Full text: Transactions of the Symposium on Photo Interpretation

and annotating geologic data. The larger scale maps are also reduced to 1 : 
250,000 scale to form part of a general-purpose small-scale series of maps. 
Photo interpretation is extensively used in general-purpose mapping-in com 
piling the planimetric map, in sketching the main topographic features with 
contour lines, and in shaded-relief representation. 
The use of photo interpretation for planimetric mapping may be described 
in four main steps: 1. A systematic stereoscopic examination and identification 
of the terrain features, and their delineation upon the photographs; 2. detail 
points are selected under the stereoscope for controlling the transfer of terrain 
details from photograph to map; 3. the detail points are located by means of 
plotting equipment; and 4. transfer of terrain features from the vertical and 
oblique photographs to the controlled map by means of sketchmasters. 
In topographic mapping, additional stereoscopic studies are used for selecting 
critical elevations on the oblique photographs and for contouring. The photo 
alidade, a monoscopic plotting instrument, is used to obtain elevations for con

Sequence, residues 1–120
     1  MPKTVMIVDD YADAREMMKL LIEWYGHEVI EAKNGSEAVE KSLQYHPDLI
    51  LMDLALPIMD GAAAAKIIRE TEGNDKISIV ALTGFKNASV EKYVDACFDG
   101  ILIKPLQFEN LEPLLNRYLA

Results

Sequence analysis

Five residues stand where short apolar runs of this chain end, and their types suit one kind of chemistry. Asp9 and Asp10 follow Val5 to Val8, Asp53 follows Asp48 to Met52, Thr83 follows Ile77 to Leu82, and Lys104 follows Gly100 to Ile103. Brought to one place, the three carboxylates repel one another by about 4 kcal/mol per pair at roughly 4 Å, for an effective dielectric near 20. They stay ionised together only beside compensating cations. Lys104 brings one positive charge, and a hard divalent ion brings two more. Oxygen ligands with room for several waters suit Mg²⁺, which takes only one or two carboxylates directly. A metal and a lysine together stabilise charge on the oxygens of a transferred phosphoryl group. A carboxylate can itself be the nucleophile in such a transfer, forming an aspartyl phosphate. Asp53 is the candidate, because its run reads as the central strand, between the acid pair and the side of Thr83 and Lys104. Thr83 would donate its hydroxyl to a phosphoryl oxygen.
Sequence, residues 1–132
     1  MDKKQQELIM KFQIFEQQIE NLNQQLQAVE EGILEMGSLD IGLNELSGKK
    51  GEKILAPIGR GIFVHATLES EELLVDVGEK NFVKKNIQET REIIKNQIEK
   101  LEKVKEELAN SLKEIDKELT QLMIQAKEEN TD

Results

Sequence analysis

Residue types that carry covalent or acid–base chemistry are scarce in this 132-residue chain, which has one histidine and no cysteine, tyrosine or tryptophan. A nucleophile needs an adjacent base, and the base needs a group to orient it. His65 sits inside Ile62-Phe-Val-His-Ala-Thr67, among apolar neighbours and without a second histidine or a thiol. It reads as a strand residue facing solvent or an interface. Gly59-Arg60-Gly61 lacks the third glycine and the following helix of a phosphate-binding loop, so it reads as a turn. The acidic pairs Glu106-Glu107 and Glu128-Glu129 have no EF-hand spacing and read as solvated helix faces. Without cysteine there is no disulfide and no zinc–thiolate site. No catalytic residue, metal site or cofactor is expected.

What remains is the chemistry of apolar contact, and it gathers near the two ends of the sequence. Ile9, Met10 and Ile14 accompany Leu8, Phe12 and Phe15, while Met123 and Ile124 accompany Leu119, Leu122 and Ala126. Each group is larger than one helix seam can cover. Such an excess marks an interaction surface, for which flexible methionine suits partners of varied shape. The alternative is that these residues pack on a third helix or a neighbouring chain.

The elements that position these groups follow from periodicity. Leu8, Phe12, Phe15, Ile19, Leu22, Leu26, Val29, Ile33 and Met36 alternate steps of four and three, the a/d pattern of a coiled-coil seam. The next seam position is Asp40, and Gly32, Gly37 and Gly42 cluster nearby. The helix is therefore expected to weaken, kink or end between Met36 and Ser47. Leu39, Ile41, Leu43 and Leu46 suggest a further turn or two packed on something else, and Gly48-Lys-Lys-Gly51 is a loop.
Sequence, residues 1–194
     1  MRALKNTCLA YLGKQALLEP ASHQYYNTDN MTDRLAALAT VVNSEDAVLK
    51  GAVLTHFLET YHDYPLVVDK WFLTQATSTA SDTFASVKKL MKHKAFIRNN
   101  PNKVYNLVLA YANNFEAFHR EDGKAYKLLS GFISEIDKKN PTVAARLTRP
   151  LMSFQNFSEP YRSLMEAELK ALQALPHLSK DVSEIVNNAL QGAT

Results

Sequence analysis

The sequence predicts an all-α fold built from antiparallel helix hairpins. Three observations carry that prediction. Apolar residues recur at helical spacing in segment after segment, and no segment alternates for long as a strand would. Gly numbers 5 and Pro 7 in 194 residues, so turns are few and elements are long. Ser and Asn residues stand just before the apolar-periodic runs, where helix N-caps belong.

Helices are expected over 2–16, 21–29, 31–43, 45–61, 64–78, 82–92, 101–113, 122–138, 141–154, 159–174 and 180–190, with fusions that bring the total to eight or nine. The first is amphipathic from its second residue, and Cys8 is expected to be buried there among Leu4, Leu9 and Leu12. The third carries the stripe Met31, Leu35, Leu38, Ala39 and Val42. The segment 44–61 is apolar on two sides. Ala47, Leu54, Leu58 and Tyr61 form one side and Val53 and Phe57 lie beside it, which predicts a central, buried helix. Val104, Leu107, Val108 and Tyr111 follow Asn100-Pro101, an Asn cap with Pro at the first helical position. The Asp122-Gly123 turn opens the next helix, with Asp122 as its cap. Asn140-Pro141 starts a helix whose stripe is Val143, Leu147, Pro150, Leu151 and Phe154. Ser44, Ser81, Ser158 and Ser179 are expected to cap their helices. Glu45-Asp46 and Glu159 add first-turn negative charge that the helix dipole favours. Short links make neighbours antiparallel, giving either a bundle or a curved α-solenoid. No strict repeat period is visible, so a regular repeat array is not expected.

touring. Contours are sketched by hand, as in plane table mapping, after yet 
another stereoscopic examination of selected vertical and oblique photographs. 
Photographs from more than one flight are often used to control the sketching. 
Equipment used in photo interpretation consists mainly of various types of 
stereoscopes, sketchmasters, projection equipment, and plotting equipment. 
Shaded-relief representation 
Since many ice and snow features tend to blend into a common ice back 
ground, shadows sometimes become the most significant characteristic of the 
features. Some form of cartographic shadowing or shaded relief becomes a 
necessity in portraying ice and snow features under these conditions. An ac 
curate photo interpretation of such features and their shadows is of utmost im 
portance in the correct portrayal of shaded relief. 
The shaded-relief specialist makes a complete stereoscopic examination of 
all vertical, oblique, or ground photography of the pertinent area. Using the 
available elevation data, he compensates for inherent displacement or distortion 
of the photographic detail, and visually adds additional details which may be 
needed to bring out the character or pattern. The length of the shading is 
made approximately proportional to the height of the feature above the ground. 
The shading is drawn at a 45° angle, with the apparent light source in the 
Undulations in the ice or snow, glacier flow lines and stress lines, disturbed 
ice, hinge-lines in the ice, and crevasses, both singly and in systems, are some of 
the ice features which can be more clearly expressed bv shaded relief than by 
conventional map symbols. 
The final representation is made by a combination of airbrush, pen and ink, 
pencil, and white paint. Subsequent cartographic scribing and map reproduc 
tion is coordinated with the shading to preserve the symbol and color value of 
the shading. All United States Geological Survey general-purpose Antarctic 
charts at 1 : 250,000 scale and smaller now carry shaded-relief representation.

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